An interesting report to a Council committee meeting which is taking place next week reveals that around 43% of the waste generated in the City is either recycled or composted. The percentage has remained constant over the last 5 years. Around 11,000 tonnes were collected at the kerbside last year
The total weight of rubbish generated last year rose to 83,575 tonnes but is still less than the 2015 peak of 87,069 tonnes
The net cost of kerbside recycling collections is put at £1.2 million per annum
Residual waste from York is now incinerated.
The report tackles the vexed issue of plastics recycling. It says,
“Mixed plastic is a term that covers all non-bottle plastic packaging from households. It includes rigid and flexible plastic packaging items of various polymer types and colours and excludes plastic bottles and nonpackaging items.
At the moment plastic bottles are the only plastic material officially accepted in our kerbside recycling collection. They are made of high-grade plastic material PET1 (Polyethylene Terephthalate) and HDPE2 (High Density Polyethylene) which have consistently strong recycling markets in which to sell the material. Mixed plastic, however, can be poorer quality and dirty. These factors, coupled with the instability of the recycling markets, has meant that it has previously not been possible to consider introducing mixed plastics to the existing kerbside recycling collection.
Some mixed plastic is already put into the recycling boxes by residents and we collect it. This low level of ‘contamination’ material is currently acceptable to our contractor (Yorwaste Ltd) because our recycling is mixed with other recycling, thus reducing the overall percentage of contamination.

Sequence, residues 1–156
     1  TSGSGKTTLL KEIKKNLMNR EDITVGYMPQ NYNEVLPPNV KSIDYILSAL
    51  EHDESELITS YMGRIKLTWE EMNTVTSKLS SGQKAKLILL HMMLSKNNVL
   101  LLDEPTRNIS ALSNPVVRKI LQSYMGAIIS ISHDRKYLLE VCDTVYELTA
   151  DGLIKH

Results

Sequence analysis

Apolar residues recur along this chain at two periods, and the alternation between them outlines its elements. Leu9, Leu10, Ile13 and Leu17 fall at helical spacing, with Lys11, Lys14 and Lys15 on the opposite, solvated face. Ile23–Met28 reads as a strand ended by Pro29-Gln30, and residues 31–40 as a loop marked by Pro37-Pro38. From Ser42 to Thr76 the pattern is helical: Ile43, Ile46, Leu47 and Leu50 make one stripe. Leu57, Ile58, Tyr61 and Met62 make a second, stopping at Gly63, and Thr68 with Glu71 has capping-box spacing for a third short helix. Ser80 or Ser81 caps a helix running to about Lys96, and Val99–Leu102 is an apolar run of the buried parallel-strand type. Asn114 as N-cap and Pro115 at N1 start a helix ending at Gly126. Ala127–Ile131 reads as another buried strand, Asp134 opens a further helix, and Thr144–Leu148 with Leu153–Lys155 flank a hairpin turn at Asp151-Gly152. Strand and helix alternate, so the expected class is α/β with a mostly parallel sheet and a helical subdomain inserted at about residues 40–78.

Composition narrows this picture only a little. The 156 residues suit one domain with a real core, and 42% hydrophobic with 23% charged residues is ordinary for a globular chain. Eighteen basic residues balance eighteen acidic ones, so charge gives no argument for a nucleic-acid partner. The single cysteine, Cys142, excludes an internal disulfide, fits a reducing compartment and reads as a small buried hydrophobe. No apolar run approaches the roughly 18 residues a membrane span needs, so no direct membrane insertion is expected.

Black plastic doesn’t reflect light, so cannot be seen and sorted by the scanners in the recycling facility and could end up contaminating other materials such as glass bottles.”
The report also seeks to explain why it sometimes appears that items separated for recycling are all put into the same compartment in the bin lorry.
When collecting recycling some crews tip boxes of recycling into separate wheelie bins, once the wheelie bin is full it is then emptied into the relevant compartment in the refuse collection vehicle .There is a perception from some residents that comingling is taking place when it isn’t, as they just see recycling boxes being tipped into a wheelie bin and then into what they think is an ordinary refuse vehicle, not one with separate compartments. We have therefore introduced different coloured wheelie bins for tins/plastic and cardboard/paper.
The report says that some comingled recycling is transported to a processing centre at Seamer Carr.
There are only limited markets for such material and the processing cost (including transfer) for dealing with such material is c.£65 per tonne and we receive no income, we are currently comingling around 320 tonnes per month.